1. In Cloud Shell, change the working directory to the repository directory:

    cd "${DEPLOYMENT_DIRECTORY_PATH}"
    
  2. Deploy the workloads in the Compute Engine instances:

    scripts/workloads.sh \
    --deploy-with "COMPOSE" \
    --default-project "${DEFAULT_PROJECT}" \
    --default-region "${DEFAULT_REGION}" \
    --default-zone "${DEFAULT_ZONE}"
    

    The workloads.sh script does the following:

    • Configures the default project, region, and zone.
    • Copies the Docker Compose descriptors to the Compute Engine instances.
    • Deploys the example workload using Docker Compose.

    If you didn't previously create an SSH key file to authenticate with Compute Engine instances, the gcloud CLI prompts you to generate one.

    In the output, you see a confirmation of the deployment and how you can access it. The output is similar to the following:

    You can access the workload by loading http://COMPUTE_ENGINE_PRODUCTPAGE_EXTERNAL_IP:9080/productpage
    

    In the output, COMPUTE_ENGINE_PRODUCTPAGE_EXTERNAL_IP is the IP address where the workload is served. Make a note of the IP address, because you use it in a later step.

Test your deployment in the source environment

  • Open a browser and go to the following URL, where COMPUTE_ENGINE_PRODUCTPAGE_EXTERNAL_IP is the IP address from the previous step:

    http://COMPUTE_ENGINE_PRODUCTPAGE_EXTERNAL_IP:9080/productpage
    

A Bookinfo page is displayed with details about books and relevant ratings.

Configure Istio

In this section, you configure the target environment in Google Cloud by installing Istio, and then you use Istio to expose the example workload. The following diagram shows the architecture of the target environment:

Destination environment with Istio installed.

In the diagram, Istio exposes the workload that's running in Compute Engine.

Install Istio

  1. In Cloud Shell, change the working directory to the repository directory:

    cd "${DEPLOYMENT_DIRECTORY_PATH}"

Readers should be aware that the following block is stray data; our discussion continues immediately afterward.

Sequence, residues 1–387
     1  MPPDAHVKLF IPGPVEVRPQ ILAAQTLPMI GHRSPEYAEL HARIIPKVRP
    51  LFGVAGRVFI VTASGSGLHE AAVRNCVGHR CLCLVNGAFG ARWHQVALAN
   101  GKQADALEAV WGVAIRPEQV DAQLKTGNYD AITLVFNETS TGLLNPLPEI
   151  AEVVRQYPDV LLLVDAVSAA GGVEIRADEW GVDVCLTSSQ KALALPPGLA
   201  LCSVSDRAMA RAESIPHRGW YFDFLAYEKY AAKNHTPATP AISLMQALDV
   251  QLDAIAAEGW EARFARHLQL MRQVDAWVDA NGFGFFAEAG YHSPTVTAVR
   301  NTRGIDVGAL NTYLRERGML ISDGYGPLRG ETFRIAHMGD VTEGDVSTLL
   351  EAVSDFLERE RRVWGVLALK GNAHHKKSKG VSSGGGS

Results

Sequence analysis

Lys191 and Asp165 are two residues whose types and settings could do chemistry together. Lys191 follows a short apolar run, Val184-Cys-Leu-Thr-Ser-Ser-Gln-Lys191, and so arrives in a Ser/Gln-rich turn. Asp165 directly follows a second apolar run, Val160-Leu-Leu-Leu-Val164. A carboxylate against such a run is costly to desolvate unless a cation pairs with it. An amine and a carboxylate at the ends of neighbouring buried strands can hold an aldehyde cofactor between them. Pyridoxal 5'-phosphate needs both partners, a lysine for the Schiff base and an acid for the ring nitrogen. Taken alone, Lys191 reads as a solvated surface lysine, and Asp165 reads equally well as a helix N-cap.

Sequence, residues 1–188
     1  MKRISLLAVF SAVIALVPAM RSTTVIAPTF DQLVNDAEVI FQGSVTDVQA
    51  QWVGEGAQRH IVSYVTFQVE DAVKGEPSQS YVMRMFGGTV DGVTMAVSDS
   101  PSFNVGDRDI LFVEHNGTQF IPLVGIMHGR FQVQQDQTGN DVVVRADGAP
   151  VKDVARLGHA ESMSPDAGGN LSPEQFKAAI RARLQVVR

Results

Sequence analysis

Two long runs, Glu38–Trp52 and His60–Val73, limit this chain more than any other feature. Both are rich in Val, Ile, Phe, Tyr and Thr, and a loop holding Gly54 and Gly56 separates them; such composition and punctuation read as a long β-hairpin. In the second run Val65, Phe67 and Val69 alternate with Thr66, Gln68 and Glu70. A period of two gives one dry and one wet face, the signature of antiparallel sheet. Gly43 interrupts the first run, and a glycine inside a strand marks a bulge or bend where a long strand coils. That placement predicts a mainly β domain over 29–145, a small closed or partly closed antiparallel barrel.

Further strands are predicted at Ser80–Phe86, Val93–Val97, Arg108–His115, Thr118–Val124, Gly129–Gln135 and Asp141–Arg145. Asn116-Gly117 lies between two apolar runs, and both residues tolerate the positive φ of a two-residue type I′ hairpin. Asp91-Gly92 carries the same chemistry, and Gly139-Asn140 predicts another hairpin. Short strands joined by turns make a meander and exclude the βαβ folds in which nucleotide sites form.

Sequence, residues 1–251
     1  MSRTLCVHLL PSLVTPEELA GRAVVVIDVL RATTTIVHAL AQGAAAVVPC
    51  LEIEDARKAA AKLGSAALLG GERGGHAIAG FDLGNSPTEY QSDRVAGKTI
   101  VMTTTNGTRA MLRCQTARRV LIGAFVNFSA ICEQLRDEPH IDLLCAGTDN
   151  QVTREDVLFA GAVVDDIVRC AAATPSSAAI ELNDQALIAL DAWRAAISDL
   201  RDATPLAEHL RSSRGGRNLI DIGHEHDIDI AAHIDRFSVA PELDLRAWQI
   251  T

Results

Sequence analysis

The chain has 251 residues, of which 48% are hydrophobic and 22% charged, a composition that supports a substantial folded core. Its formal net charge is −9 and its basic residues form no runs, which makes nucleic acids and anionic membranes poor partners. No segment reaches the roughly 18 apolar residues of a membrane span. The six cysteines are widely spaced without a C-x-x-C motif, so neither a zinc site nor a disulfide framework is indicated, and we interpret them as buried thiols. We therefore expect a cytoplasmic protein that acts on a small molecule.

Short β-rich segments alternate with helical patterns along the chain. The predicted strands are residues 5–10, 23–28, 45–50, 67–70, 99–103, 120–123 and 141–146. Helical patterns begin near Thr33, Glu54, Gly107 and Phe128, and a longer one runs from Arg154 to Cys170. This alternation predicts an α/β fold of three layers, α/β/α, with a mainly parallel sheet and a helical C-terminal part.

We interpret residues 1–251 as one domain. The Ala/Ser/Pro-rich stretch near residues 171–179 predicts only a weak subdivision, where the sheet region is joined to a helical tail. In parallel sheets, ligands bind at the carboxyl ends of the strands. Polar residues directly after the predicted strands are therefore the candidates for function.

2. Install Istio:

    scripts/install-istio.sh \
    --cluster-name "${GKE_CLUSTER_NAME}" \
    --google-cloud-project "${DEFAULT_PROJECT}" \
    --cluster-region "${DEFAULT_REGION}"
    

    The install-istio.sh script does the following:

    • Downloads the Istio distribution.
    • Installs Istio in the target environment GKE cluster.
    • Deploys a Gateway to expose the services in the service mesh.
    • Configures Istio to allow the expansion of the service mesh to the Compute Engine instances that are simulating the source environment.
    • Installs service mesh monitoring and visualization tools, such as Kiali.

    When this command finishes running, the console shows a confirmation of installation. The output is similar to the following:

    ✔ Istio core installed
    ✔ Istiod installed
    ✔ Ingress gateways installed
    ✔ Egress gateways installed
    ✔ Installation complete
    

Configure Istio mesh expansion

In this section, you connect the Compute Engine instance that simulates the source environment to the service mesh. The service mesh handles connecting the microservices in the legacy environment that will be migrated to the target environment. In this phase, the service mesh is empty, waiting for services to be registered. The service mesh isn't receiving any production traffic yet.

  1. In Cloud Shell, change the working directory to the repository directory:

    cd "${DEPLOYMENT_DIRECTORY_PATH}"
    
  2. Install and configure Istio on the Compute Engine instance:

    scripts/compute-engine-mesh-expansion-setup.sh \
    --default-project "${DEFAULT_PROJECT}" \
    --default-region "${DEFAULT_REGION}" \
    --default-zone "${DEFAULT_ZONE}"
    

    The compute-engine-mesh-expansion-setup.sh script does the following:

    • Installs Istio on the source environment Compute Engine instances.
    • Starts the Istio service on the Compute Engine instances.

Expose the workload

In this section, you register the workloads that are running in the Compute Engine instance and simulating the source environment to the Istio service mesh.

The workloads.sh script that you run in this section sets up routing rules to split production traffic between services running in the legacy environment and services running in the target environment, using the service mesh. Because traffic routing inside the service mesh is transparent to clients, they won't know that the routing configuration has changed.

  1. In Cloud Shell, change the working directory to the repository directory:

    cd "${DEPLOYMENT_DIRECTORY_PATH}"
    
  2. Expose the workloads:

    scripts/workloads.sh \
    --default-project "${DEFAULT_PROJECT}" \